However, if there is evidence that the use of the car that night was for commercial purpose, the police have at least some defense of their activities as commercial enforcers.

Title 55 allows LIMITED use of police power

Tennessee law authorizes the use of police power in the public interest along the highways when the person in the car, truck or motorcycle is involved in a regulable commercial activity.

Transportation administrative Notice is ready to go

That is because since the very beginning of self-propulsion, state governments and municipalities have taken an interest in public safety and the need to regulate parties involved in for-hire use, whether drays hauling coal or chuffing cars hauling lumber or top-hatted passengers on the way home from the fairground.

Neither Red Bank nor Soddy-Daisy have been served transportation administrative notice, which would deny them or their officers the good faith defense of what is otherwise a violent and oppressive act.

They are free, thanks to members of the bar all giving these cities a pass, to argue good faith use of Title 55. By definition, ignoring a law in a pretended act of law enforcement is official oppression, a felony.

However, Sheriff Jim Hammond is under administrative notice about the nature and scope of Title 55 and USC 49, the federal law.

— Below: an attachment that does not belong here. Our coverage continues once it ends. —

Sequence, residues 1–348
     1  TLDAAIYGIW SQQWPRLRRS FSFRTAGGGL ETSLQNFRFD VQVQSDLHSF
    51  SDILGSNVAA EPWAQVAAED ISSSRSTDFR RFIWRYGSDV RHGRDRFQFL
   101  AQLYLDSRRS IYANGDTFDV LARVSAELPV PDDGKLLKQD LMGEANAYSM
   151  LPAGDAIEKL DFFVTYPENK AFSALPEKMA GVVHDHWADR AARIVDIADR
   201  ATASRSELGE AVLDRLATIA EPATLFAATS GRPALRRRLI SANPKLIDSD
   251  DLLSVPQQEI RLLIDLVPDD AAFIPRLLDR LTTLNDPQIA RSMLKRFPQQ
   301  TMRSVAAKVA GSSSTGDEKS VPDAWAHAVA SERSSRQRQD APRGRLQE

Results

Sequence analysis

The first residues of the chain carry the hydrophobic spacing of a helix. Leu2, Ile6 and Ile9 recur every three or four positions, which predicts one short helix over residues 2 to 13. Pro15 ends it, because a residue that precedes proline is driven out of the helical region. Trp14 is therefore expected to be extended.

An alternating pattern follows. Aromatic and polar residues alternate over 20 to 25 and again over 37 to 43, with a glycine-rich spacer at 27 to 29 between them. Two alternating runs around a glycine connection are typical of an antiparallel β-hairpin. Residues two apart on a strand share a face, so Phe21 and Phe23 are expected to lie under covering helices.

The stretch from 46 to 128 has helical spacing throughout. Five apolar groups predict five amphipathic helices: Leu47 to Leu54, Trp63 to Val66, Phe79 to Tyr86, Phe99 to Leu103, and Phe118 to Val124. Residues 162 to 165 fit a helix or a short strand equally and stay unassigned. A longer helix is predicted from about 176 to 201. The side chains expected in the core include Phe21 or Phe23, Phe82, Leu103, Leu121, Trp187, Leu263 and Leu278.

Notice to Hammond: Reform required even though Haslam, judges, legislators opposed

In early March I gave him personally a copy of the notice, a 20-page rehearsal of definitions, statutes and court cases showing the power of the state to enforce transportation rules — and also its limits.  

Officers’ skin in game

Other corporations under TAN are city of Chattanooga, city of East Ridge, and city of Dayton. I have also given notice to DA Neal Pinkston and Gov. Bill Haslam.

The notice puts the squeeze on officers, and allows them to be sued personally for oppressive acts. The focus of the reform is upon the office, who is effectively suspended between contradictory claims about what is the actual law in Tennessee.

The law in Tennessee is in a state of contradiction because of an activist judiciary. The statute and case law are clear about the limits of the transportation code.

But the Tennessee high court, in complicity with the executive branch and legislative branch, holds that travel does not exist apart from the single act of changing one’s domicile from one state to another. Apart from that, travel does not exist. This premise is a legal fiction and is contradicted plainly by many court cases and the statute itself, as indicated in transportation administrative notice.

The judiciary acts (denying appeal from mid-level court of appeal) in complicity with the executive branch and legislative branch, holds that travel does not exist apart from the single act of changing one’s domicile from one state to another.